Replace 'happiness' with 'welfare, prosperity and the common good' and I
totally agree with the founder of the British welfare state and his memorable
report on 'Social Insurance and Allied Services' from 1942." - Writes Jean Claude Juncker in the preface of this publication.
Hard copies of this book are available at the Lambertus Book Store for €24,90
Crisis Monitoring Report 2013
The Impact of the European Crisis
This publication is a comprehensive, timely and in-depth study on the impacts of the economic crisis and austerity policies on the most vulnerable people of the European Union. The Report has a special focus on the five EU Member States most-affected by the crisis – Greece, Ireland, Italy, Portugal and Spain.
The report’s findings are grounded not just in empirical research but most importantly in the practical work carried out by Caritas member organisations in the five countries.
Europe 2020 Shadow Report 2012
Missing the Train for Inclusive Growth
As it did in 2011, Caritas Europa presents its assessment of the National Reform Programmes and
Europe 2020 Strategy implementation. This report aims to address several key aspects related
to the social dimension of Europe 2020 Strategy from the perspective of 23 Caritas Europa
Network organisations. It proposes the areas that should be reflected among the priorities of the
2013 Annual Growth Survey as well as the recommendations regarding the European Semester
process and steering it better towards achieve the Europe 2020 employment growth, poverty
reduction and educational targets.
Children who grow up in poverty or social exclusion are less likely to reach their full potential. ey run a higher risk of being unemployed and living in persistent poverty as adults. Specic groups of children are at high risk of more severe or extreme poverty. For this reason they need particular attention. In Europe alone there are more than 20 million of children at risk of poverty. is number is growing as a direct result of the economic crisis. Many of the services on which children at risk of poverty depend - including public health, education and childcare services - have experienced signicant cutbacks since the crisis began.
This publication follows and is related to the previous publication on Child and Family Poverty, "Navigating safe passage through the labyrinth of poverty" made by Caritas Europa in October 2010. It represents a «collection of best practices» of the Caritas work with children and families living in or at risk of poverty in almost all countries of Europe, showing how Caritas projects provide children and families with the resources necessary to find their way out of the "labyrinth of poverty".
Caritas Europa monitoring and assessment of the situation of child poverty in Europe in 2011.
Child poverty and social exclusion, although different in shade and form, are problems that all
European states have in common. In most countries, the risk of being affected by poverty and
social exclusion is greater for children than for adults. Child poverty is recognised as a multi-
dimensional problem which requires urgent action in the fields of social, economic, health,
environmental and cultural policies. Growing up in poverty may affect every area of a child’s
development and may have severe long-term consequences, restraining children from achieving
their full potential; adversely affecting their health; inhibiting their personal development, education and general well-being.
The divide between the so-called poor people and those who are living in wealth is artificial and mainly man-made. The actual financial and economic crisis is deepening and sharpening that divide. This divide is harmful to the society as a whole and to each single person. Nobody should live in poverty because of unjust structures or unfair conditions. “Zero poverty” is our moral claim. Caritas therefore believes that our societies need a new framework in which human rights are fully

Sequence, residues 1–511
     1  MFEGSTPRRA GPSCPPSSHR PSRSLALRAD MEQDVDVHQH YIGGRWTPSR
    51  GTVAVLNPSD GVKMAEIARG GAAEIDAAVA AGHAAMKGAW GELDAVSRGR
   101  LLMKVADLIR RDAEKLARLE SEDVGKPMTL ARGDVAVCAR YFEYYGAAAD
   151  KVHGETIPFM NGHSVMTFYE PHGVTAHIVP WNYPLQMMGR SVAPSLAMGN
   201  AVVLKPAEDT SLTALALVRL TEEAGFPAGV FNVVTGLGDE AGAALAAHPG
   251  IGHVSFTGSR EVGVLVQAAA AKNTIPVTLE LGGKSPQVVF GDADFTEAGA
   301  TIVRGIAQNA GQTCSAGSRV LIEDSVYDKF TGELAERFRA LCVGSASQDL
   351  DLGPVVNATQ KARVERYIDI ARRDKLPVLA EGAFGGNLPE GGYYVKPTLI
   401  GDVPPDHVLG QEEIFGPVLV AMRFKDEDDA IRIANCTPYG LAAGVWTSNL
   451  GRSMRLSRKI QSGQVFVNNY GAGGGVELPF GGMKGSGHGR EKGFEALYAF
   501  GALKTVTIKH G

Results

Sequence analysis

acknowledged and protected not because of sheer legal necessity, but because of the recognised dignity of the human person who is the source and the end of all rights and obligations.
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Welcome - Migrants make Europe stronger
With this publication Caritascasts the spotlight on the “barriers” that prevent millions of migrants from becoming full-fledged members of the European societies in which they live. These barriers are robbing migrants of their dignity and Europe of their potential contributions to further boost Europe’s social, cultural and economic score.
Migrants and refugees have rights! - Impact of EU policies on accessing protection
This report highlights the tragedy hundreds of thousands of people face when seeking protection in Europe. Women, men and children escaping war, repression and violation of human rights often turn to Europe in the hope of finding a safe haven. But many are instead confronted with bureaucratic hurdles, denial of protection and inconsistent reception standards across Europe. For the first time, this report brings together all aspects of migration. It looks at access to international protection, non-refoulement, family reunification, labour migration and irregular migration from a humane perspective.
Follow the red thread of migration
This publication is a poster and a handbook that answers to the question "why does the EU need to change its approach to migration?" by combining real testimonies from people who risked their life to reach Europe, and facts and figures from what policies say, how budgets are allocated in Europe and what Caritas proposes.
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The imperative of securing access to food for all, especially for the most vulnerable, is recognised worldwide and is at the top of the agenda for national, European and international policies. This report is aimed at showing Caritas’s support for this idea and giving evidence for its advocacy work towards European Institutions on the Food Security debate. This report is aimed both at giving evidence for Caritas Europa’s position so as to influence EU policies on food in a coherent and comprehensive manner.
Also available in: French
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This report uses the European Consensus on Humanitarian Aid (adopted in 2007)
as a policy framework to examine adherence to humanitarian principles on the part of the European Union and its Member States. Caritas Europa, a network of 49 Caritas organisations on the European continent, hopes that it provides a useful contribution to on-going debates around the humanitarian principles in the context of, and the challenges posed by, a fast changing EU institutional environment.
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This publication aims at presenting this concept of the combined method of listening, observing and discerning and how it is implemented in various ways by Caritas organisations, depending on their situation.
During the last 15 years, European Caritas organisations have coordinated advocacy efforts towards the national governments and the European institutions on several issues affecting the most vulnerable. In this handbook, Caritas organisation in Europe share their achievements and what they understand by advocacy and how they implement it.